The principal four lawyers angrily rebuked the judge for his failure to comply with the ECtHR order, made in 2008, for a retrial that was independent of the first trial. ” In a retrial, the previous verdicts should be ignored. This trial is a photo-copy of the earlier ones, even those held by a military tribunal”. One lawyer appealed saying ” I am speaking to your conscience. This defendant has already been in jail for 22 years. You have stolen his life. When you decide, think with your conscience”. Another attacked the judge and judiciary generally: ” You judges are prejudiced, it is apparent in your attitude to Ilhan Comak”. Another lawyer said the trial was Kafkaesque.

Only when the judge refused to allow other lawyers to present their arguments, because “you four lawyers have talked long enough” did real fury erupt.  ” You cannot stop us talking ” some shouted.

After a 15-minute break, the verdict came.  No change of verdict. No acquittal. The judge turned his head towards the video where we could make out the small figure of Ilhan Comak saying “God help you in the rest of your imprisonment”

Outside in the square the people, angry, gathered, made speeches, carried banners bearing Ilhan’s picture. There is misery and disgust. But the lawyers tell me they expected this result. “There is no independent judiciary. There is no justice. We need international support now in our struggle for the Rule of Law and for democracy. We do not even have freedom of thought anymore, nor of speech. Neither do we have freedom of assembly or freedom of the press. Help us”.  So I too made a short speech.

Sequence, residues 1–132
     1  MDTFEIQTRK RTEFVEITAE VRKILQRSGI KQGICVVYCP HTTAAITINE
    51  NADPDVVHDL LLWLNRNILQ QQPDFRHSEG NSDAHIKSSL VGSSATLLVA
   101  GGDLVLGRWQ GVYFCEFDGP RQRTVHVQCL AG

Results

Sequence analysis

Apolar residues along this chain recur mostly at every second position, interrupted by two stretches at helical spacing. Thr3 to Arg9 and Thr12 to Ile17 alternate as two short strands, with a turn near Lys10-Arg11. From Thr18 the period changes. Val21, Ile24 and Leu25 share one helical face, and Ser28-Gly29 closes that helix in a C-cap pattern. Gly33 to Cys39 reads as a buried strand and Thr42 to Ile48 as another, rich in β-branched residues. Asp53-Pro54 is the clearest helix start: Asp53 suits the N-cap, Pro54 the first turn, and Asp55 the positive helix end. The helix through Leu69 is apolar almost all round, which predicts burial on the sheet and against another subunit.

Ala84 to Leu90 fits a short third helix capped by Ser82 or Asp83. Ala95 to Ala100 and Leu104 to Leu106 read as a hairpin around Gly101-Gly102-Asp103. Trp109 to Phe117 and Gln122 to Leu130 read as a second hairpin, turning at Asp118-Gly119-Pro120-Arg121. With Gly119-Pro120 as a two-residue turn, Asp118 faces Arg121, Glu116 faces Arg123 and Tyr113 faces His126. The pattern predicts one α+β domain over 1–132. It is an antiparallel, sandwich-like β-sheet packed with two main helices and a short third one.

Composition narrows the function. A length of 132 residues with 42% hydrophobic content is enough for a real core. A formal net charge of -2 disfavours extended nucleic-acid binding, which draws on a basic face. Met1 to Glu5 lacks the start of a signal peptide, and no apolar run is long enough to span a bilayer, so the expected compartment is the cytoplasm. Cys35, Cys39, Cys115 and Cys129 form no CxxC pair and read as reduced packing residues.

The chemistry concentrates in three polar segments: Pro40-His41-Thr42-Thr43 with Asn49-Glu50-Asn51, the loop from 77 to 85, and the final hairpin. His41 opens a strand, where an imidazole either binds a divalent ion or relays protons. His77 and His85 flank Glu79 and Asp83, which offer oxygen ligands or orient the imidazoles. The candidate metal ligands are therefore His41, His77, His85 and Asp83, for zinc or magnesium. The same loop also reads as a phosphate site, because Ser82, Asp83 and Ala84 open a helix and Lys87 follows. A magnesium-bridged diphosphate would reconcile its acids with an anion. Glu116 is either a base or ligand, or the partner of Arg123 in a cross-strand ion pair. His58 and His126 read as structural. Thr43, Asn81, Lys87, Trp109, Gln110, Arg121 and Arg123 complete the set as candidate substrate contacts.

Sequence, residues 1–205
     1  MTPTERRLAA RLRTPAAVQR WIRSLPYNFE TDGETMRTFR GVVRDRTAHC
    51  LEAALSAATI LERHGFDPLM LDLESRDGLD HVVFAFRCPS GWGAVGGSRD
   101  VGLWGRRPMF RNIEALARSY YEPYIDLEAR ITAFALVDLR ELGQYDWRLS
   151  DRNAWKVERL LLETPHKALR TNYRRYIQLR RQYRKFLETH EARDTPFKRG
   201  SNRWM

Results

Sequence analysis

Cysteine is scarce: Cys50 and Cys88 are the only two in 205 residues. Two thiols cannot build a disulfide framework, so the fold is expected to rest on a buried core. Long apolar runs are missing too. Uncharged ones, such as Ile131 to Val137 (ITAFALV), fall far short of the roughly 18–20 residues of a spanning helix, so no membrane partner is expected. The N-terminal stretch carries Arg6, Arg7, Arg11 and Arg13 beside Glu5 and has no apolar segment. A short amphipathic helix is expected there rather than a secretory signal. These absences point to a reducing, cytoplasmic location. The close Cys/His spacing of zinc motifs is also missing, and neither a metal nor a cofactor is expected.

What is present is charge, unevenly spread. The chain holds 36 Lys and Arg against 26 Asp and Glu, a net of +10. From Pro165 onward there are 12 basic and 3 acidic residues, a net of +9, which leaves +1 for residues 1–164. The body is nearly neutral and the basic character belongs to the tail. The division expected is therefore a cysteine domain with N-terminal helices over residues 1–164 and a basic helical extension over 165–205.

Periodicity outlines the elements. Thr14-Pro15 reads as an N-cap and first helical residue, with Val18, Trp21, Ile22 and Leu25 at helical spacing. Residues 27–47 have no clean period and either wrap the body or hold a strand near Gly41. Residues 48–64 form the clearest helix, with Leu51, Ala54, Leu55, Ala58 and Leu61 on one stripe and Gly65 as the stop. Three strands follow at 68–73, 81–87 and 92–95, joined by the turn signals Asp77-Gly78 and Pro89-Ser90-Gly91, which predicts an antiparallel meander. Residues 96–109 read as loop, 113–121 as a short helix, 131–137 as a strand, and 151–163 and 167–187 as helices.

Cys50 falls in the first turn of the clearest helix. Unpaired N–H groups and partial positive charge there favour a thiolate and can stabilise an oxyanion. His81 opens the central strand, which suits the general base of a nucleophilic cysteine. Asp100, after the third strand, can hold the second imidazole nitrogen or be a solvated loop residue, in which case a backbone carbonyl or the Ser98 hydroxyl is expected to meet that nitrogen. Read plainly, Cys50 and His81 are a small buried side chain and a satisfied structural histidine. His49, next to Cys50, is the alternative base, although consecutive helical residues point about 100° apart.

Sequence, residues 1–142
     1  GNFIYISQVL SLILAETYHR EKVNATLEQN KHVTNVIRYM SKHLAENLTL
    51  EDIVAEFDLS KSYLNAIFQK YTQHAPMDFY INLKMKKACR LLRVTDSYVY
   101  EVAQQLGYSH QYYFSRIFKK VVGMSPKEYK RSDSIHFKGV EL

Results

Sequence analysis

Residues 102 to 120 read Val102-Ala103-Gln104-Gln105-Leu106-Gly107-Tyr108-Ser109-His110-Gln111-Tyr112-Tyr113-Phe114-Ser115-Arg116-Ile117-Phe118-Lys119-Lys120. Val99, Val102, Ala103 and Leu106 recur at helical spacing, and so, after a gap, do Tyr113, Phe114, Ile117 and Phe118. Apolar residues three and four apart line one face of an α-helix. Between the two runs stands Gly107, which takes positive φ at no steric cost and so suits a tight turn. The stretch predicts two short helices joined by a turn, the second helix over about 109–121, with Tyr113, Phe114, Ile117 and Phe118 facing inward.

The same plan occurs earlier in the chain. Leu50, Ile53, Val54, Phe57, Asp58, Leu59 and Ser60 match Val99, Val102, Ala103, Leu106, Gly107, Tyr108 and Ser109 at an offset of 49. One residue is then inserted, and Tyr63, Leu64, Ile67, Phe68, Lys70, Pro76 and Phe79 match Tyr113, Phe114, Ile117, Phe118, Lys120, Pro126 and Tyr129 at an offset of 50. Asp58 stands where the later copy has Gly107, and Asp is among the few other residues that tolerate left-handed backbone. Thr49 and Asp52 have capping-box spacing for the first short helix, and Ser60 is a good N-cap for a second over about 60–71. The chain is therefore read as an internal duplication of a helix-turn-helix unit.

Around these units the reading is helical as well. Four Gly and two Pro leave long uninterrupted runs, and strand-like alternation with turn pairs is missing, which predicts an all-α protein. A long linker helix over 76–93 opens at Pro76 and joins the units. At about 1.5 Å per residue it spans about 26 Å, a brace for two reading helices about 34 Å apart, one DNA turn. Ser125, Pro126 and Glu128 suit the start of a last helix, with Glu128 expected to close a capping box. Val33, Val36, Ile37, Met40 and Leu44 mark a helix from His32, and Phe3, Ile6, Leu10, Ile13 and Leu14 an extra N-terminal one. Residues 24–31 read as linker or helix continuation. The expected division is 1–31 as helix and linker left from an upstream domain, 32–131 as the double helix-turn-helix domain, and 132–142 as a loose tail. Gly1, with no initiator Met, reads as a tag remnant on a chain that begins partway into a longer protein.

Margaret joins other people gathered in the square

Later we had a long meeting at the offices of the TCPS  (Turkey’s Centre for Prison Studies).  Several of the people gathered round the table had spent months or even years in prison, arrested when they were students. Mustafa Eren, was in prison for 11 years, and was released in his early 30s. He managed to return to university, obtain his degree and then a PH.D in sociology. But we heard shocking stories of torture and abuse of detainees. And especially of the brutal degrading treatment of women prisoners. Although there are, in theory, mechanisms for prisoners to report ill-treatment and torture, either the reports get “lost” and never reach Ministry of Justice officials who should receive them; or, those alleged to have inflicted acts of torture have a ready defence – that the prisoner was attacking them, or the allegation was malicious. Many prisoners dare not report these violations.


Margaret speaks with a female MP and a Kurdish writer

Since June this year, at least 400 students have been detained, but the number could be far higher. Every week all over the country, students and high school children are being picked up under the anti-terror law.  There are no outside observers to these trials. The rights of vast numbers of young people are being violated and the world is silent. Those meeting us this night begged for me to break the silence, and persuade more people to come and observe these trials, not just in Istanbul, but across Turkey.

The TCPS asks that we circulate their monthly reports on student arrests and detention and help them to gather international support.

Tomorrow a Press Conference will be held followed by the trial of two more students, one being Helic Turk.


Images supplied by Margaret Owen